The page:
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Science, Policy & Pandemics: The State of Food Security During the Covid-19 Crisis

22 May 2020

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Reported by Kate McNeil, CSaP Communications Officer

As part of our series on Science, Policy and Pandemics, we explored food insecurity, the public policies to support food provision to those who are shielding, and supply chain resilience in the context of the covid-19 pandemic.

Listen to the discussion here:

Produced in partnership with Cambridge Infectious Diseases and the Cambridge Immunology Network, CSaP's Science and Policy Podcast's series on science, policy and pandemics aims to answer questions about our understanding of the current pandemic, including the epidemiology, on what basis governments are making current decisions, how much confidence we can have in the knowledge models are producing, and how to manage the uncertainties involved in the present crisis. This episode was also produced with the support of Cambridge Global Food Security, an interdisciplinary research centre which works to address the challenge of ensuring that everyone has access to sufficient, safe, and nutritious food.

In this episode, Dr Rob Doubleday spoke with Dr Jean Adams, NIHR Research Fellow at the Centre for Diet and Activity Research, and Dr Jag Srai, Head of the Centre for International Manufacturing, Institute for Manufacturing.

Throughout the episode, Dr Adams noted that one of the challenges facing the UK in the management of food insecurity is that we do not have a great deal of longitudinal data on prevalence of household or adult food insecurity. While the circumstances accompanying the covid-19 pandemic have exacerbated food insecurity, she suggested that the underlying issue of food poverty has been a problem that we have failed to properly measure for a long time. This food insecurity has longer term consequences for health, with Dr Adams highlighting that individuals who experience financial related food insecurity are much more likely to become obese.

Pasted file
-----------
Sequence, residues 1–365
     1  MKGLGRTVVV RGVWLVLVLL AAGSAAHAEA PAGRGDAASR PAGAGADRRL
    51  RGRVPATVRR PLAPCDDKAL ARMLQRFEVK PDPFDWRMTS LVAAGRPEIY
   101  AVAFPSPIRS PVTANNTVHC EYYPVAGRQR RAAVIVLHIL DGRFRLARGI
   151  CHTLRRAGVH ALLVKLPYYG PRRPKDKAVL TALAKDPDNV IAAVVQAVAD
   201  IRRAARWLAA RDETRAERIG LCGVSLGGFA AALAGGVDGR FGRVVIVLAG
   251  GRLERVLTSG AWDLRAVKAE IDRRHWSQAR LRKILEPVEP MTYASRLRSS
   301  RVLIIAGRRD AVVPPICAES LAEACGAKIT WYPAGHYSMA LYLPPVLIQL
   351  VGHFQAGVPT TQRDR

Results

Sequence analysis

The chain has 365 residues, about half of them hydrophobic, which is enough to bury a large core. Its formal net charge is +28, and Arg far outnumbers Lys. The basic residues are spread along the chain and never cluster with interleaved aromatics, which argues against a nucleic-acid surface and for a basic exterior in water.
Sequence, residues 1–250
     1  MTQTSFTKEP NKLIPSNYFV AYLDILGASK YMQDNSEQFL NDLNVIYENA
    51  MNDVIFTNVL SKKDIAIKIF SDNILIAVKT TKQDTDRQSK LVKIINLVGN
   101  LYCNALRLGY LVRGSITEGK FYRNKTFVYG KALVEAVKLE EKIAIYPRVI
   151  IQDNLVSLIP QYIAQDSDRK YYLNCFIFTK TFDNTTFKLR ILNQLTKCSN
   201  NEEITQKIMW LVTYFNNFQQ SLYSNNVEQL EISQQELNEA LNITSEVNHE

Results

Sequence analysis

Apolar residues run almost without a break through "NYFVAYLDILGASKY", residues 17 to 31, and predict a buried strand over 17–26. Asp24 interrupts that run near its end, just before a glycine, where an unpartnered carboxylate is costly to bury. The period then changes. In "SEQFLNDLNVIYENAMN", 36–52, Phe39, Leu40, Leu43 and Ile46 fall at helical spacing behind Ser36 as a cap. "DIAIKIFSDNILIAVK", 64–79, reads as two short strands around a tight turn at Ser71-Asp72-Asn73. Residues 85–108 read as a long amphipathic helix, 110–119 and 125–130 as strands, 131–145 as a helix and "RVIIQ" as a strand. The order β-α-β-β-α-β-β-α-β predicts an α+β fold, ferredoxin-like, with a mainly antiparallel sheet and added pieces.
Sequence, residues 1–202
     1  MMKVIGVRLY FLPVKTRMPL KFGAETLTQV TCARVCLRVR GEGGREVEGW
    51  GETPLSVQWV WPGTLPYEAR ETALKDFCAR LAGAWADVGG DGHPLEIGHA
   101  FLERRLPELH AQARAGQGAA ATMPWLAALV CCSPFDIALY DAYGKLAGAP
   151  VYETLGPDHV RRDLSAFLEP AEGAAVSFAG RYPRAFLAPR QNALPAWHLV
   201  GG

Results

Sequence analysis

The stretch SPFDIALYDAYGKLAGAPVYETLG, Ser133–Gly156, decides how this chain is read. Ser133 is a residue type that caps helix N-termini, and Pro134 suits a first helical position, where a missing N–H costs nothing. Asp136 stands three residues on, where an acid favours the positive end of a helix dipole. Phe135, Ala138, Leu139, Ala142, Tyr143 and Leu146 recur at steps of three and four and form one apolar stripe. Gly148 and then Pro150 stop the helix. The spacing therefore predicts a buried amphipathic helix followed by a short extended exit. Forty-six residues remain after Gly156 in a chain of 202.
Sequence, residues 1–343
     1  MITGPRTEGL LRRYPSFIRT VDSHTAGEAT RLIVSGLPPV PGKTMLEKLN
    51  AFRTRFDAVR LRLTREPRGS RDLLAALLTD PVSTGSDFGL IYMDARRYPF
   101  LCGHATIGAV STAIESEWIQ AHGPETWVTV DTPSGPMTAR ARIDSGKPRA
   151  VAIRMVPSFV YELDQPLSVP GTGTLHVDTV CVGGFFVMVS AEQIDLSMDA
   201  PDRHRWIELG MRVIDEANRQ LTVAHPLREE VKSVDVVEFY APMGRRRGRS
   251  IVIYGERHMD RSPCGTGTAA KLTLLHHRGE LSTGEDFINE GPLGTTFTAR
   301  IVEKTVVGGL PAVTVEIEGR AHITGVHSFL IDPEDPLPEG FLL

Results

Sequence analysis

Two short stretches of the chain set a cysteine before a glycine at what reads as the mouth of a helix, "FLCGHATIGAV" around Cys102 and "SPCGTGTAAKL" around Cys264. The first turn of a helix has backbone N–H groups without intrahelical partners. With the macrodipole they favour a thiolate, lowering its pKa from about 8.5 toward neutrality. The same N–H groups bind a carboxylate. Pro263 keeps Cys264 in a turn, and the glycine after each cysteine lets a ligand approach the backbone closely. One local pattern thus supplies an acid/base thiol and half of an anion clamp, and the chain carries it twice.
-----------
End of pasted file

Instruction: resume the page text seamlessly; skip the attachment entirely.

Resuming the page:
Meanwhile, Dr Srai called attention to the fact that the covid-19 crisis has resulted in multiple fractures in food supply chains. There has been breakdowns in last mile delivery, supermarkets, and harvest activity. Managing the situation in the UK has been helped by the fact that half a dozen large retailers represent 80% of the country's grocery shopping, facilitating cooperation between this small group of actors in terms of shared infrastructure, while there have also been innovation and new actors entering e-commerce last mile delivery channels. However, this situation has also revitalized conversation about essentially industries and sovereign capability in the food sector. This is a vital conversation, Dr Srai suggests, given that 50% of the UK's food is imported, necessitating an improved understanding of international interdependencies in food, technology, and workforce flexibility.

Throughout the episode, this week’s guests also discussed the food packages provided to shielded individuals during lockdown, the meal vouchers provided to families of children who normally receive free school meals, bridging the supply chains between the restaurant sector and household consumers, and steps taken by governments to preserve national food supplies during periods of crisis.


CSaP's Science and Policy Podcast's special series on Science, Policy and Pandemics is available accross all major podcasting platforms, including Spotify, Apple Podcasts, Google Podcasts, Google Play, RadioPublic, Pocket Casts, and Castbox.

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Photo by Mick Haupt on Unsplash